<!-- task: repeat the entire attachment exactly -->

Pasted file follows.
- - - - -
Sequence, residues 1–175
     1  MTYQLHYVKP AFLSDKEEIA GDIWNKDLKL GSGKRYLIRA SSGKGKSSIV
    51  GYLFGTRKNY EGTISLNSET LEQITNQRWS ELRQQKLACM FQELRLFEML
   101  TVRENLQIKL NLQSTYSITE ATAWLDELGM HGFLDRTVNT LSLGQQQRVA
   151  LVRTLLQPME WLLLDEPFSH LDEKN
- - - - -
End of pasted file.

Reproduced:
Sequence, residues 1–175
     1  MTYQLHYVKP AFLSDKEEIA GDIWNKDLKL GSGKRYLIRA SSGKGKSSIV
    51  GYLFGTRKNY EGTISLNSET LEQITNQRWS ELRQQKLACM FQELRLFEML
   101  TVRENLQIKL NLQSTYSITE ATAWLDELGM HGFLDRTVNT LSLGQQQRVA
   151  LVRTLLQPME WLLLDEPFSH LDEKN